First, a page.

Top 20 Theatrical Moments of 2018

Patti LuPone in London West End’s Company

Top 20 Theatrical Moments of 2018 – On and Off Broadway, London, and Beyond.

By Ross

Amanda Lawrence. Angels in America. Photo by Helen Maybanks.
“A once in a lifetime kind of production that will move you beyond anything that you’ve seen before, shattering your senses and tearing your heart to pieces…This current revival is as solidly majestic and complete as one could wish for…Words can barely describe its wonder…Magnificent cast…The heart-breaking and powerful 7 1/2 hours flew by, carried on the energy and excitement of the audience and the intensity of the wings of an angel.” Full Review 


The FerrymanBy Jez Butterworth Directed By Sam Mendes
Paddy Considine (center, standing) and company. The Ferryman. Credit: © 2018 Joan Marcus .


This is storytelling at its most intricate and expansive. There isn’t a moment that should be sliced away, nor a visual you’d want to miss. It’s a delicate creation…’The Ferryman’ has so many levels…each enhancing the other like flavors in a Jameson Irish whiskey, blending aromatically for all to savor…As powerful as anything you have seen in years…All of the cast and design crew is perfection, literally filling the stage with authenticity and dimension that can’t be ignored.” Full Review 

Encores!A Chorus Line
The cast of Encores! A Chorus Line. Photo by Joan Marcus.
“Michael Bennett’s conceptual piece, drafted together by a group of frustrated dancers, led by Tony Stevens and Michon Peacock, is beautifully realized once again on the NYC stage, and it hasn’t lost any of its power or appeal. With a cast of spectacularly talented dancers and singers, ‘A Chorus Line’ resonates just as it did for me 28 years ago…The glorious wonder of the piece remains solid and everlasting.” Full Review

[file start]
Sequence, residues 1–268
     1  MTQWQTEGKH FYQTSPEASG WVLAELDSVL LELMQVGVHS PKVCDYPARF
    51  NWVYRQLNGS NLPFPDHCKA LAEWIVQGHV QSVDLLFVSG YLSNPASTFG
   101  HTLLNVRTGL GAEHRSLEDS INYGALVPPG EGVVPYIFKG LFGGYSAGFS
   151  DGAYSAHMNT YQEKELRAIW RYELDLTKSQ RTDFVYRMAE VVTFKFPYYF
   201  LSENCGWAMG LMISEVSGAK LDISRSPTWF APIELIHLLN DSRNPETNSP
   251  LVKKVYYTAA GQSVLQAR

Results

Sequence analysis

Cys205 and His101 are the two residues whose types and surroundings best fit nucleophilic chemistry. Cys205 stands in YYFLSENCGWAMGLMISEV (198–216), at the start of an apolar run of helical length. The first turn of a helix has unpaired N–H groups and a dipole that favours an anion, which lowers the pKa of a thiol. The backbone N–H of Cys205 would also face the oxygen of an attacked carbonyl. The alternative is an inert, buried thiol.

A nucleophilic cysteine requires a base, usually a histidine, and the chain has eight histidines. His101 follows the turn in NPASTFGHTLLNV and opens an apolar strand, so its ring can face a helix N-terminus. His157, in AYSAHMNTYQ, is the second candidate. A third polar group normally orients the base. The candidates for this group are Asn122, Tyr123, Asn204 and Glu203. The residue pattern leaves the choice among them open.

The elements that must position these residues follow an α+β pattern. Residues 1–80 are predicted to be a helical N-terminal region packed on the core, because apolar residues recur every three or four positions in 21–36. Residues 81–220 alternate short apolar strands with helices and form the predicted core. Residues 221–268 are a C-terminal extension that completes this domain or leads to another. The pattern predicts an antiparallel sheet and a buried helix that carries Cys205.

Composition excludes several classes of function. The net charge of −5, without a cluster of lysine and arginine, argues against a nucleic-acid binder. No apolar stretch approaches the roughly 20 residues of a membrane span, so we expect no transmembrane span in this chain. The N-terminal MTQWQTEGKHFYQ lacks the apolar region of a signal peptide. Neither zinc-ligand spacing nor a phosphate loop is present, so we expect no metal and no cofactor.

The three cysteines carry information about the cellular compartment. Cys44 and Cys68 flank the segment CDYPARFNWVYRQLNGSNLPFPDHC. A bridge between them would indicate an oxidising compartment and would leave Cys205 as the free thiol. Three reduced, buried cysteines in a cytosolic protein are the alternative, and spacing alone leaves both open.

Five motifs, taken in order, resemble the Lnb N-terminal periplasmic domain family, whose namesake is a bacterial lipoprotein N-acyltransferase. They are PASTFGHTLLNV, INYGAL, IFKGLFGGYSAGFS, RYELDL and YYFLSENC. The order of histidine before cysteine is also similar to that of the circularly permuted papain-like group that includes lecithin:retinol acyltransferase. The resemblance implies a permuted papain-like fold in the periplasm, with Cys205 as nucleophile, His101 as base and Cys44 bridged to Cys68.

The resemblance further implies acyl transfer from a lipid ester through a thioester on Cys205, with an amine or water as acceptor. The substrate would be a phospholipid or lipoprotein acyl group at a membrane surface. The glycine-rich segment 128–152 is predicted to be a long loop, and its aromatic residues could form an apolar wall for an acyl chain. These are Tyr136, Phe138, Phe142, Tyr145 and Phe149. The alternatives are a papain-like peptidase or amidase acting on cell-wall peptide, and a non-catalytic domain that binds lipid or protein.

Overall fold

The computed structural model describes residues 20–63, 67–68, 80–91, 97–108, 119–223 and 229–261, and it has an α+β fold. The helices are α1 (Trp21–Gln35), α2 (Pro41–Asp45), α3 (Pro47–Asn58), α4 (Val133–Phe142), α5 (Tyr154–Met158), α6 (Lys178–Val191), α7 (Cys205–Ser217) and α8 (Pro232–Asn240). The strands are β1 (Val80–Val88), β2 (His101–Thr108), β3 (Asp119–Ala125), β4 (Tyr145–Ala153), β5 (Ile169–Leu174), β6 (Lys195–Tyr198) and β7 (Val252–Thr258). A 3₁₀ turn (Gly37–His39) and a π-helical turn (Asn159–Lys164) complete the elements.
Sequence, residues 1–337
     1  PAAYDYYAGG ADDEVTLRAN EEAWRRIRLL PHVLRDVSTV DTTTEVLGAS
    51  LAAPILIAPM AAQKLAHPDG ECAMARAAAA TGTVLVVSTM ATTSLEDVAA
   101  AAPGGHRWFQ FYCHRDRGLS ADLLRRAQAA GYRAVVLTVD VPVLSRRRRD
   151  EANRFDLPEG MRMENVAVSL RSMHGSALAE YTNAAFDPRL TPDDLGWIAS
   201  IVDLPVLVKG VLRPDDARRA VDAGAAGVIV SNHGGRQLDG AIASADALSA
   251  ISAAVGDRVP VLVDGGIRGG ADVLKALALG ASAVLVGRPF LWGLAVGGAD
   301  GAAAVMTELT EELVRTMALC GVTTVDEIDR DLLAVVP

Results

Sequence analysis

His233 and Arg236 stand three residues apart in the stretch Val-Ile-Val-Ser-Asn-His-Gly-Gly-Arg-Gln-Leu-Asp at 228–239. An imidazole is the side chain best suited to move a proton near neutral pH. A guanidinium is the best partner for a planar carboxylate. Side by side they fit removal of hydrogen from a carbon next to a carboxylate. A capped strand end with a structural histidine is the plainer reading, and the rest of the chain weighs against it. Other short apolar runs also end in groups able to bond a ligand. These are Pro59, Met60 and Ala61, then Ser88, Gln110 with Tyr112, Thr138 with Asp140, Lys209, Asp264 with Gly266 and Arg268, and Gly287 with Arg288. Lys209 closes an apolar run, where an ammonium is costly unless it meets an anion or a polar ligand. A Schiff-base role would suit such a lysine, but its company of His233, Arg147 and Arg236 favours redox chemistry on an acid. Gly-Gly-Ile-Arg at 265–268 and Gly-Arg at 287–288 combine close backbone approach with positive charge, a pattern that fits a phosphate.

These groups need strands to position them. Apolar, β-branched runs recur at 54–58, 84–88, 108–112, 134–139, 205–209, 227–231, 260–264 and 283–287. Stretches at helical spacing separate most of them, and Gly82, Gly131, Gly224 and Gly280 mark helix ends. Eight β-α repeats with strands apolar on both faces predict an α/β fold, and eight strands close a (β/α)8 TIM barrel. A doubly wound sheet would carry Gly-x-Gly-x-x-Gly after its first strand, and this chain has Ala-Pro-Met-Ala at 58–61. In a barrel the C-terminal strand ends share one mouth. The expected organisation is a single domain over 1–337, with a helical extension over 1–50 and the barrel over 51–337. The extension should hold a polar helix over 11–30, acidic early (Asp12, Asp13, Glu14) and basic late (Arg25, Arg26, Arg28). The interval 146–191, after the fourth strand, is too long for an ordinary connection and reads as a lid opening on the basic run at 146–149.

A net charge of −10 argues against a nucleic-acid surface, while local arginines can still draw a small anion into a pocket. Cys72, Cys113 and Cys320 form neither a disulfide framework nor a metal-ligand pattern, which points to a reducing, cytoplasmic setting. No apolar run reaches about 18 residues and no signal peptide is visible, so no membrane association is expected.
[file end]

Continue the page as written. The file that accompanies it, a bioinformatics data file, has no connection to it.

Photo Credit Matthew Murphy
The company of Harry Potter and the Cursed Child. Photo Credit Matthew Murphy
“This play and production is theatrical genius with layers upon layers of cape-tastic excitement and wand-elishous magic that just keep out-doing itself, raising the bar from one moment to the next…The true beauty of ‘Harry Potter and the Cursed Child’ is that everyone can enjoy and take great pleasure in Moaning Myrtle, and this story. As meticulously directed by co-creator Tiffany, no one is left behind; everyone is invited to this wondrous party as this production flies up high.” Full Review 
The cast of COMPANY
West End’s Company
“The main reason my November trip occurred in the first place began with the announcement that Sondheim’s Company was being revived in the West End and one of my all time favorites, Patti LuPone (Gypsy, Sweeney Todd) was going to play Joanne, a part made famous by Elaine Stritch back on Broadway in 1970. I’ve seen LuPone perform the famous, “The Ladies Who Lunch” when she sang as part of a red-dressed ladies giving celebration to Sondheim’s 80th birthday. LuPone wondrously sang the song with a sweet nod directly to Stritch’s red hat stating,  “I’ll drink to that!” LuPone was also seen in the role opposite Neil Patrick Harris at the 2011 New York Philharmonic concert version, one I missed live but watched a live recording streamed from somewhere into my living room while cursing the world for allowing me to miss it. But here in London, directed with a wise and creative twist by Marianne Elliott (National’s Rules for Living, West End/Broadway’s Curious Incident…Angels in America), I get a second chance. And boy, am I drinking to that (and sitting in my apartment in NYC, I hope one day to get a second round)…” Full Review